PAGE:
This gentle flame is the roaring inferno of transformation,
for only through freedom of belief may we become what we will
May our chalice melt the shackles of superstition and creed,
lighting our way on the path of spiritual growth and freedom.
Hymn 135, How Happy Are They, begins with the following lyric:
How happy are they, born or taught,
who do not serve another’s will;
Whose armor is their honest thought,
and simple truth their highest skill.
“As I would not be a slave, neither would I be a master. This expresses my idea of democracy.”
– Abraham Lincoln
“Our brand of democracy is hard. But I can promise that a year from now, when I no longer hold this office, I’ll be right there with you as a citizen – inspired by those voices of fairness and vision, of grit and good humor and kindness that have helped America travel so far.”
– Barack Obama
from Jeff Liebmann
An irony of language involves the word “religion.” Derived from the same root word “ligio” that gives us the word “ligament,” religion actually translates to “that which binds us together again and again.” And yet, the professed point of many religions is to liberate us from suffering and evil.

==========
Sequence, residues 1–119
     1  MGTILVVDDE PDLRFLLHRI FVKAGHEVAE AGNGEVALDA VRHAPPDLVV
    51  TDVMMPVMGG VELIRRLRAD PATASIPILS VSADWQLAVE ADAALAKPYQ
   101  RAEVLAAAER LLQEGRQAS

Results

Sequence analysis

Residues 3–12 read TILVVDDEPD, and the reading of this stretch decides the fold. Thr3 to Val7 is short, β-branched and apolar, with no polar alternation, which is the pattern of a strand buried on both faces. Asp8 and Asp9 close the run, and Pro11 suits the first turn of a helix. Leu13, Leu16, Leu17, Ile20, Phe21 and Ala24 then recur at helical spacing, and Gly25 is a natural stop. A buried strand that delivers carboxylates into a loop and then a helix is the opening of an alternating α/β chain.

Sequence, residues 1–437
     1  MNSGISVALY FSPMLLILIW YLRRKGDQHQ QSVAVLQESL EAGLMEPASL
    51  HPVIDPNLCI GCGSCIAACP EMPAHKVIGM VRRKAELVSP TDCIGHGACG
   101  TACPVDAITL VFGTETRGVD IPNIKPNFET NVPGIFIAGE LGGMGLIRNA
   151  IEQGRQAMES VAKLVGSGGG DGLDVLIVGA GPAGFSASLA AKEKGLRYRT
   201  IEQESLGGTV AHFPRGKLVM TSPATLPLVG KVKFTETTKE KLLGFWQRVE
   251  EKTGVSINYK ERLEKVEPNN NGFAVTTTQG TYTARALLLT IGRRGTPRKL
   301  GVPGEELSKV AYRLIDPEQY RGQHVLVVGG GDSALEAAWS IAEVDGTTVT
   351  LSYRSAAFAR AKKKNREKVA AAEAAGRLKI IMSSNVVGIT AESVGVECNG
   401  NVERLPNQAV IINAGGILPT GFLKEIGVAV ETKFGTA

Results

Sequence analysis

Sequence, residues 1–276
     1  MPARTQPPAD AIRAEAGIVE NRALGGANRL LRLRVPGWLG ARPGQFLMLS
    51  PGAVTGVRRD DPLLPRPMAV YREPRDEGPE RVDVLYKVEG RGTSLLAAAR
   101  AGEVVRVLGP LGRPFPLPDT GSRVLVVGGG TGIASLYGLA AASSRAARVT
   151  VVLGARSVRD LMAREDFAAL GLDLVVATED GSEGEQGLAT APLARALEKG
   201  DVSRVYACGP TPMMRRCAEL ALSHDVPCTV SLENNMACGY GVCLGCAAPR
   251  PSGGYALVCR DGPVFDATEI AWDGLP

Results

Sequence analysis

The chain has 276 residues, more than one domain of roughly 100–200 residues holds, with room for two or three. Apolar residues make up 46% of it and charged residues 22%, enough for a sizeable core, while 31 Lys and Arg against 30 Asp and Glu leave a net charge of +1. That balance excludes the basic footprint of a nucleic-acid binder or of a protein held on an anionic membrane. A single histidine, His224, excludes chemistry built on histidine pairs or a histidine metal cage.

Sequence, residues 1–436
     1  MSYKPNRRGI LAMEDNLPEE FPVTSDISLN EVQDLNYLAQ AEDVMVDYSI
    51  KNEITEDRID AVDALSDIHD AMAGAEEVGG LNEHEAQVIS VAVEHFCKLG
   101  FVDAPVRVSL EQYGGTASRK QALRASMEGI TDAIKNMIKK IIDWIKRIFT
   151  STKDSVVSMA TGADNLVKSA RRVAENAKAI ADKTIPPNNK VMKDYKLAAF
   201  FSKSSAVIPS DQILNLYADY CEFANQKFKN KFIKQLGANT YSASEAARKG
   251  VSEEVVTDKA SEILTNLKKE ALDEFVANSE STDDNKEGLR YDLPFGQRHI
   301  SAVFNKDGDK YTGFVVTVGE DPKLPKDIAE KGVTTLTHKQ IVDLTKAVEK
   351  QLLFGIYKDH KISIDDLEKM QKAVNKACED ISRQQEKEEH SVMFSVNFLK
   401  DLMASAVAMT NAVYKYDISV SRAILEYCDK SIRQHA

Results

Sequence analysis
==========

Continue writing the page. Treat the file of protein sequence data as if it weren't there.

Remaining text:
So, how do we find liberation by binding ourselves repeatedly? For some, the bond is dogmatic acceptance of a common creed. For others, it is the relinquishing of certain choices and responsibilities to divine Providence. But, Unitarian Universalists view themselves as working hands of Providence in the world.
We seek and achieve liberation through democratic community; by finding and celebrating our common commitments with souls engaged on the same spiritual journey. In our congregations, we give voice to our beliefs, and we amplify those voices through free discourse and a pulpit that inspires without dictating.
Mindfulness and Action
On this fifth day of Chalica, we affirm and promote the right of conscience and the use of the democratic process within our congregations and in society at large.
You’re invited to select one of the questions or suggestions below for conversation with others or personal reflection. Suggestions for activities with children are included. Consider giving a gift that honors democracy.
• What can I do to be of public service, or help those willing to serve in office?
• Can I write a letter to an elected official on a matter of importance?
• How can I help a committee in my congregation?
• Could I host a dinner or gathering to discuss an important issue, or perhaps lead a class to study a significant ethical issue?